Employee ownership gaining popular and political support

By Neal St. Anthony, 4 Aug, Star Tribune

A poll conducted several weeks ago by Public Policy Polling showed that two thirds of Americans “support the concept of companies being owned by their employees so that all workers share in their success.” Only 13 percent oppose the idea; 19 percent are unsure.

The poll also found that 58 percent of Americans would support legislation that makes it easier for employees to own a part of the business, and 50 percent think the government should do more to encourage the growth of employee-owned companies. Generally, support is highest among Democrats and those identifying as liberal. Younger people are somewhat more supportive than older people.

Loren Rodgers, executive director of the National Center for Employee Ownership, said in a statement: “Employee ownership has gained such wide support because it addresses issues of economic inequality through the market system. Congress has provided tax incentives for employee ownership because it has a proven record of generating more jobs, more assets for employees, and more profits for companies.”  The center, a nonprofit research organization, said there are about 7,000 U.S. companies with ESOPs, which range in employment from 10 to hundreds of thousands. The plans cover 14 million participants.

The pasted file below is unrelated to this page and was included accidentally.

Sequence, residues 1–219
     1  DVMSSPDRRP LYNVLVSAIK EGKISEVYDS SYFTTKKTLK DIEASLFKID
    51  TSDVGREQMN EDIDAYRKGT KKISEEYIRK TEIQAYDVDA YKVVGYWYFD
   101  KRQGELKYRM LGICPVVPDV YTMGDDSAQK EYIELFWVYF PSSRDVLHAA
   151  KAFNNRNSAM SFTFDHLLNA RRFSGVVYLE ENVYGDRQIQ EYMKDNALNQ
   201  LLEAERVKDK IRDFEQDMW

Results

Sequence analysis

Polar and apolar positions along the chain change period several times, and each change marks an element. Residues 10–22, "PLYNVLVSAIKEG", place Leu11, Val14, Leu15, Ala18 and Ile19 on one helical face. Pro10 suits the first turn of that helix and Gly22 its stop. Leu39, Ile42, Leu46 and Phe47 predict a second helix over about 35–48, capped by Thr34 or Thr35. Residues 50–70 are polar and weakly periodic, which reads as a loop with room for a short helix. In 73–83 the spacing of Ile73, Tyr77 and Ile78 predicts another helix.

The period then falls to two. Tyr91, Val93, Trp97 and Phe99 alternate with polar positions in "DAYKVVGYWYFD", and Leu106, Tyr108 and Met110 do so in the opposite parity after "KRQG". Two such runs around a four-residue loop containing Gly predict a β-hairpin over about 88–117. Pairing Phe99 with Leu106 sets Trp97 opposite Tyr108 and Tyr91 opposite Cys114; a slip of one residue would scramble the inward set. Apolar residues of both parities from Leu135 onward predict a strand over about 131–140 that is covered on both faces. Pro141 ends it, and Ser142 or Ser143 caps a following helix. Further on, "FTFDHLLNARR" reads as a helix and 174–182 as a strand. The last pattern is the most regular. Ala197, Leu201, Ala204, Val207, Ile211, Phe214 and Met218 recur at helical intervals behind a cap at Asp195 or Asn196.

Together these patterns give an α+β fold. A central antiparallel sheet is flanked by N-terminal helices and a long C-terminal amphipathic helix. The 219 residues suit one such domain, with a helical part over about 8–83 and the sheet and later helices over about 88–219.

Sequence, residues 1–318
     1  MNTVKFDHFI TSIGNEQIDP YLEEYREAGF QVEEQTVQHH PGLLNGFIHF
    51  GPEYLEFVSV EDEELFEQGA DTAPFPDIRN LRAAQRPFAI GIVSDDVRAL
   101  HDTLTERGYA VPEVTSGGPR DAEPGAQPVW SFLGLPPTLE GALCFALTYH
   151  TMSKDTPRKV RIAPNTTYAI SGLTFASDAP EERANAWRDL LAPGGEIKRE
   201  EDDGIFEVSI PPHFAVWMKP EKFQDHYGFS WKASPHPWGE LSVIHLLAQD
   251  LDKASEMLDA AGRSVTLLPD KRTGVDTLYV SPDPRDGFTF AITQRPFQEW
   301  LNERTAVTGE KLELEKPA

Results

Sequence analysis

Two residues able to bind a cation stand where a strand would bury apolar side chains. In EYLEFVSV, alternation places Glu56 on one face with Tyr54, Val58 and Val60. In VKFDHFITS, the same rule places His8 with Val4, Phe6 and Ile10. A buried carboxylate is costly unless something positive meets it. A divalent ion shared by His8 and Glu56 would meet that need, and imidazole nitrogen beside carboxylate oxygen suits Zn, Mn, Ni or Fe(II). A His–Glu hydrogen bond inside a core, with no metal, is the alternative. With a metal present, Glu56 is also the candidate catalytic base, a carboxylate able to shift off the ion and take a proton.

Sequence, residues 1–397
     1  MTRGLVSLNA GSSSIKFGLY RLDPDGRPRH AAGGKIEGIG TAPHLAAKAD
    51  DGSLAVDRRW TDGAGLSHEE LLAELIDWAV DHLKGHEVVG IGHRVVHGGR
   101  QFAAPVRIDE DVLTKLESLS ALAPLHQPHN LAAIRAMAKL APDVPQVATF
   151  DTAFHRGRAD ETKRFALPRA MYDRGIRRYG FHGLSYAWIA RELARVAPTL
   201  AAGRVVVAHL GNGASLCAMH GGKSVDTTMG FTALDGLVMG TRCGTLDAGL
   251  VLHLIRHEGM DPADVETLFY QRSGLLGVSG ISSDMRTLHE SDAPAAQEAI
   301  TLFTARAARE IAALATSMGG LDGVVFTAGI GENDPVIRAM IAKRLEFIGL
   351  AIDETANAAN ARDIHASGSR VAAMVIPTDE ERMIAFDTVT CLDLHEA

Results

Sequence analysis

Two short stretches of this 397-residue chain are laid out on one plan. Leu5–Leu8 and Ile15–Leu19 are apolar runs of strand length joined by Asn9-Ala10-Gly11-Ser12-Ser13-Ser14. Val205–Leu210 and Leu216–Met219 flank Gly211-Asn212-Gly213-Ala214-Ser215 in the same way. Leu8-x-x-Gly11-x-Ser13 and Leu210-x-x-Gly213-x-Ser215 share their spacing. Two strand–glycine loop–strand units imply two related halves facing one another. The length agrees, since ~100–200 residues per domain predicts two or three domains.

In addition, there are 10 million-plus employees who own stock in broad-based partial ESOPs through employers, mainly through stock option and restricted stock grants. ESOP companies tend to lay off more slowly, and less pigging out at the top.

In this year’s presidential race, the Republican platform strongly endorses employee ownership. And Hillary Clinton has proposed additional tax incentives for employers to set up the plans.If constructed and financed properly at well-run companies, ESOPs are get-rich-slow and share-the-wealth plans for smart owners and engaged workforces.

A growing number of employees in Minnesota also are owners through Employee Stock Ownership plans, including long-term “ESOPs” such as Windings of New Ulm, Padilla CRT of Minneapolis and Christensen Insurance Group of Minnetonka.